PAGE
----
The anterior-most part of the developing neural tube undergoes folding, so that the prosencephalon comes to lie ventral to the rhombencephalon, with the mesencephalon connecting the two. The primary vesicles differentiate further, the cranial-most part of the prosencephalon now divides into two lateral vesicles, called the telencephalon, (corresponding to the cerebrum); and the remaining part of the prosencephalon is now called the diencephalon, corresponding to the thalamus, epithalamus, and hypothalamus. The newly formed diencephalon and telencephalon are the secondary vesicles, and of particular interest to us is the diencephalon, which is the area where the optic vesicles develop.

Around day 22, when the developing embryo is about 2mm in length, and is at the eight-somite stage; two small grooves develop on the sides of the developing forebrain. With the closure of the neural tube, these become out-pouchings from the area of the primary brain vesicle, and are henceforth called optic vesicles. They grow laterally, and as they come closer to the layer of surface ectoderm, the optic vesicle stimulates the overlying ectoderm to differentiate into a specialised mass of cells called the lens placode (corresponding to the future lens) by secreting the growth factor BMP4. The ability of the surface ectoderm to respond to this stimulus lies in the expression of the PAX6 gene by the ectoderm.[4]  

The Sonic Hedgehog Factor

 The development of the eyes is based on a delicate interplay between the various genes and transcription factors involved in the process, and the most important one among them might be the expression of sonic hedgehog factor.

Even before neurulation occurs, there already exists the designation of a single eye field in the neural plate. This area, after development of the neural tube, divides into two, only under the influence of sonic hedgehog, which sets off the process that stimulates the growth of two separate eyes and orbital cavities.[5] The postulated theory is that the secretion of sonic hedgehog from the prechordal plate causes down-regulation of the PAX6 gene, and activation of the PAX2 gene, which then divides the single eye field into two.

Holoprosencephaly and Shh

Defects in the sonic hedgehog protein or its signalling pathway are implicated in holoprosencephaly, since the shh is necessary for the brain to develop into distinct left and right lobes; a process that normally occurs between the eighteenth and twenty eighth day of gestation. Only subject to this can the visual cortex begin to develop.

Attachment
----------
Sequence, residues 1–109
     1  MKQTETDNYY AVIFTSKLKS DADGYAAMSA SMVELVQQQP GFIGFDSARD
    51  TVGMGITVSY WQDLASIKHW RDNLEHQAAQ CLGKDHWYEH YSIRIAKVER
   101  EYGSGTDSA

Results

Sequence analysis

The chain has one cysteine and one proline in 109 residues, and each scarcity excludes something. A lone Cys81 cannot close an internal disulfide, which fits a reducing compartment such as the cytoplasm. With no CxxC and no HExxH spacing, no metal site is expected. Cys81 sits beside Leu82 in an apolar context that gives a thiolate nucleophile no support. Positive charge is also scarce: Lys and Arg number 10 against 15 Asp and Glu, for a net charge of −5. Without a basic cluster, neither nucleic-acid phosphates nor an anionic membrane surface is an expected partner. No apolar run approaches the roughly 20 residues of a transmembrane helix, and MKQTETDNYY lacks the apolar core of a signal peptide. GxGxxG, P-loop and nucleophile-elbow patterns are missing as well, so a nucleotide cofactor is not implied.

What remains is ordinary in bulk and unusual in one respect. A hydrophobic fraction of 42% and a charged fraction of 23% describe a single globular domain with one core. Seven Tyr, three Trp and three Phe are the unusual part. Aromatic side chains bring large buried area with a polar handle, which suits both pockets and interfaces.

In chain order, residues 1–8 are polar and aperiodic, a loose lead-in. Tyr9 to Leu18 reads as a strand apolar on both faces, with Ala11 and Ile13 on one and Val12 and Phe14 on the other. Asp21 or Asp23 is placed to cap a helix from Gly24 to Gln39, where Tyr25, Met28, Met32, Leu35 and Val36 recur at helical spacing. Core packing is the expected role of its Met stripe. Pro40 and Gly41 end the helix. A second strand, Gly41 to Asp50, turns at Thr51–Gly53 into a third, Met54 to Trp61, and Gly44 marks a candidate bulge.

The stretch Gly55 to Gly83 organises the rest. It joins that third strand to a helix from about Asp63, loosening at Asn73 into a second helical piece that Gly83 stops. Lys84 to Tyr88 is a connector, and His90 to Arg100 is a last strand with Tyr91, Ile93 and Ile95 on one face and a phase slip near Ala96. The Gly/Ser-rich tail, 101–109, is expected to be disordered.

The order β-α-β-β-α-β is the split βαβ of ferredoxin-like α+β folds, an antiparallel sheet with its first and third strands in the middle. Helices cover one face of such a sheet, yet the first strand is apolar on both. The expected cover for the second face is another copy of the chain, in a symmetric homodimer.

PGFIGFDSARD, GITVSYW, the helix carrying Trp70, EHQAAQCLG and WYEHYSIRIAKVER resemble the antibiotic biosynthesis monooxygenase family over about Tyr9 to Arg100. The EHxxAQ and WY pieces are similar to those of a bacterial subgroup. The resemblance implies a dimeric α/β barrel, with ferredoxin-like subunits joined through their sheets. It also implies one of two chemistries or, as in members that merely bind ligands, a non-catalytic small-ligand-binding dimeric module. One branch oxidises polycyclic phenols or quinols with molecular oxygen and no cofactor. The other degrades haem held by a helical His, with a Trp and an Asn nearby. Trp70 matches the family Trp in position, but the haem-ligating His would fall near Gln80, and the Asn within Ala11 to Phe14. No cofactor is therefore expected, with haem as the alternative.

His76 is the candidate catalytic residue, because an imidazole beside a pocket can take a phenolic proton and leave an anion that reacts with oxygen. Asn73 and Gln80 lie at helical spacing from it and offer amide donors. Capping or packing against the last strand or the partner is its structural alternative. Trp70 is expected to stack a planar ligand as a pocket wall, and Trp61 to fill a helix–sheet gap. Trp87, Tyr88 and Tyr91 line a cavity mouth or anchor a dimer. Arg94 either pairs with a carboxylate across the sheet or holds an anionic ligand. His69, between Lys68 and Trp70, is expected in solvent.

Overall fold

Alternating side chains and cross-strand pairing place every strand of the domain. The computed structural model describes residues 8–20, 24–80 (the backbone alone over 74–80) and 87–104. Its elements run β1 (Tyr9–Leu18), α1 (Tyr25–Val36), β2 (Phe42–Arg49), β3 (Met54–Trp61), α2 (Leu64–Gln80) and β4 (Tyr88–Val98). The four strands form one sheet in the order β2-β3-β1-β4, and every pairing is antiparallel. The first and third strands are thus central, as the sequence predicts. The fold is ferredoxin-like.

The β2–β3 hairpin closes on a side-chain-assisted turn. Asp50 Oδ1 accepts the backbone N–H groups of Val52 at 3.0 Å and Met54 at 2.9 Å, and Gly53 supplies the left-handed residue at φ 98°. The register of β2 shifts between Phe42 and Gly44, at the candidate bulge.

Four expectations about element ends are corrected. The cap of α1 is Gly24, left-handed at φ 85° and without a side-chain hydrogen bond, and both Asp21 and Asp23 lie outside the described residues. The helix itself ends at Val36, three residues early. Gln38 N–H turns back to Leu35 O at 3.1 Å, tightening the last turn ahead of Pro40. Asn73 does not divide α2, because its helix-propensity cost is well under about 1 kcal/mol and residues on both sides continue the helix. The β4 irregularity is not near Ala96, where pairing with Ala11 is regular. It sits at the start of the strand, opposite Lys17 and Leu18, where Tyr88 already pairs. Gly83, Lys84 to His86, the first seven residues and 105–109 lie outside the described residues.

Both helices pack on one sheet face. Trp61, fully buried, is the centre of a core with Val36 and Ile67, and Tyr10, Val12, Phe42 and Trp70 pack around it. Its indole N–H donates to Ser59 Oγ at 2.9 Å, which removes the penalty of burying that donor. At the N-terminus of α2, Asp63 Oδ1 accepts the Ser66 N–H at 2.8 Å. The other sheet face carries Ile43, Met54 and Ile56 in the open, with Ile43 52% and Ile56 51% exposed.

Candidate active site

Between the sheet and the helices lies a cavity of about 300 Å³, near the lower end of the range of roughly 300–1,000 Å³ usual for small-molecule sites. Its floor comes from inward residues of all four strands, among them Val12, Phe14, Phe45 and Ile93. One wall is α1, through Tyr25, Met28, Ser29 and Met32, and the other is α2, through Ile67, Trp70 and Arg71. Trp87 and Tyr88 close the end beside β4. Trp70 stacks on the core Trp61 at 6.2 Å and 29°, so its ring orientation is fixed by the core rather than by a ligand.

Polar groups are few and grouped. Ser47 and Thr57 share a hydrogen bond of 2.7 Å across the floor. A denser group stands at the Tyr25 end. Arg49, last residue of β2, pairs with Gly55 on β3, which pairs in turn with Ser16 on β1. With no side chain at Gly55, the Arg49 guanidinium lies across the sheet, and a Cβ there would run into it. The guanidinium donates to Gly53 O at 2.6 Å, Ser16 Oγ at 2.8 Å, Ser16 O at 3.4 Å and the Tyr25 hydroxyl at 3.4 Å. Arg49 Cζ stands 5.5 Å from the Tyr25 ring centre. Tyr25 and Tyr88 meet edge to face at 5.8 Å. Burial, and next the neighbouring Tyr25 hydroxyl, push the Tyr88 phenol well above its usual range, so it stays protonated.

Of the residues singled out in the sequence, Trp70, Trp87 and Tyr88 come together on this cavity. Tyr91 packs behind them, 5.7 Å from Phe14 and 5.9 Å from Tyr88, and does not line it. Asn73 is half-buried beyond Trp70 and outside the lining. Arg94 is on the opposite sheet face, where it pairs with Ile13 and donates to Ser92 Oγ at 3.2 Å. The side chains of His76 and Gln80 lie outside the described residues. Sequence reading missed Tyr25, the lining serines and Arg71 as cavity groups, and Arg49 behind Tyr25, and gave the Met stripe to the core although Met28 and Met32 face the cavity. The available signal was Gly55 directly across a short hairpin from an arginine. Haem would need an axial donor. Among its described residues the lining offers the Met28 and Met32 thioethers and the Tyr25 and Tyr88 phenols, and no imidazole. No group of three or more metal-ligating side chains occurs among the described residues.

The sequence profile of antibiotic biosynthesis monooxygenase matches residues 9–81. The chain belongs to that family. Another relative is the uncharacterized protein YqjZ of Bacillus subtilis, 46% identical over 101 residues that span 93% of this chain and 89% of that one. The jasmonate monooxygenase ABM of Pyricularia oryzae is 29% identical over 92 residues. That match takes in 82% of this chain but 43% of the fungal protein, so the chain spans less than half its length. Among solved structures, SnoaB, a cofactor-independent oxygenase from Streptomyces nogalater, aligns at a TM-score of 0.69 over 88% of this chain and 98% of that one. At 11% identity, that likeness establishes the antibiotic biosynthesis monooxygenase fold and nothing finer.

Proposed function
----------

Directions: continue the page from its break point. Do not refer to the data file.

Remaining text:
At this point, an embryo with a single forebrain region (a condition called alobar holoprosencephaly) will be likely to develop a single eye; and embryos with separate cerebral hemispheres will develop two eyes. Failure of the events that Shh sets into place would mean that there is no expression of PAX2, and no down-regulation of PAX6, which is necessary for the formation of a distinct visual field corresponding to each hemisphere.

Genes implicated in synophthalmia

The development of the forebrain and the eye fields is an intricate interplay between a plethora of genes and transcription factors, and the fraction of it that has been studied and understood has been summarised below.[6]


SHH[7], SIX3[8], TGIF1[9][10], ZIC2[11], PTCH1[12], FOXH1[13], NODAL[14], CDON[15], FGF8[16], GLI2[17], FOXG1[18]

Associated features

The child presents with microcephaly, since the lobes of the brain and the ventricles are hypoplastic. Perhaps the most striking feature of all, with the exception of a single central eye, is the absence of a nose, or the presence of a proboscis above the eye. The eye is located in a single central orbit; it could be one single eye (true cyclopia), or partially fused eyes within the single orbit (synophthalmia). The mouth is usually not well formed, it could just be a mound of soft tissue with a cleavage where the mouth would be, with associated micrognathia.